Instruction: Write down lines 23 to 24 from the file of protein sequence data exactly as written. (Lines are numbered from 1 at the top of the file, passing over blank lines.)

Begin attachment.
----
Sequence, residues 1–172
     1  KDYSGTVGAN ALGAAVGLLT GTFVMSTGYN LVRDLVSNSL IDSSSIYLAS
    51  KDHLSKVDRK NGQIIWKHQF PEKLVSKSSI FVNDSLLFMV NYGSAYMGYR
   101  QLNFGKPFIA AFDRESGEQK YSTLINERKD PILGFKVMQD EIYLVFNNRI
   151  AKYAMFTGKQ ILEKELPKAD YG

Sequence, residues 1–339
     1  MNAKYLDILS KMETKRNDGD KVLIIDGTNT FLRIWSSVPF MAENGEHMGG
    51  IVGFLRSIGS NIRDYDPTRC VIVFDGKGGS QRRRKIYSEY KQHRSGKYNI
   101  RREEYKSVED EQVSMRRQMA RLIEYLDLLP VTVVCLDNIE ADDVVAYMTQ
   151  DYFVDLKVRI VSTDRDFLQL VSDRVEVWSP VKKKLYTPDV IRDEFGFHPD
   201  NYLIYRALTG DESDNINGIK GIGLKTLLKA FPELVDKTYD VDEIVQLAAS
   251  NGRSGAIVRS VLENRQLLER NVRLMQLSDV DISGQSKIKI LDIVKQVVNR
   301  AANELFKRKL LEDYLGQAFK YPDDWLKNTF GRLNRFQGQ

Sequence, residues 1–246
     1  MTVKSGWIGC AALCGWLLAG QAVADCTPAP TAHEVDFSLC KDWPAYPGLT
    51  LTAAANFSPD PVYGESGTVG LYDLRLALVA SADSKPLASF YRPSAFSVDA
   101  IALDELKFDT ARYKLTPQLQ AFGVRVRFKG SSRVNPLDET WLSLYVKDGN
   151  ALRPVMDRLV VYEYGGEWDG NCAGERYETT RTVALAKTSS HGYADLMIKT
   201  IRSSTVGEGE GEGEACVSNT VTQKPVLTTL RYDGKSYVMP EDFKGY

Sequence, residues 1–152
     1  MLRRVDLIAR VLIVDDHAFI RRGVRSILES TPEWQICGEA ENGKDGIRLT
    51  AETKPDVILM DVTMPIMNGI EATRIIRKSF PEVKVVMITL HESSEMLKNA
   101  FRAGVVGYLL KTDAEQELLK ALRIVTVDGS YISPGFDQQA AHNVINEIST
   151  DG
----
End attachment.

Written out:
   101  FRAGVVGYLL KTDAEQELLK ALRIVTVDGS YISPGFDQQA AHNVINEIST
   151  DG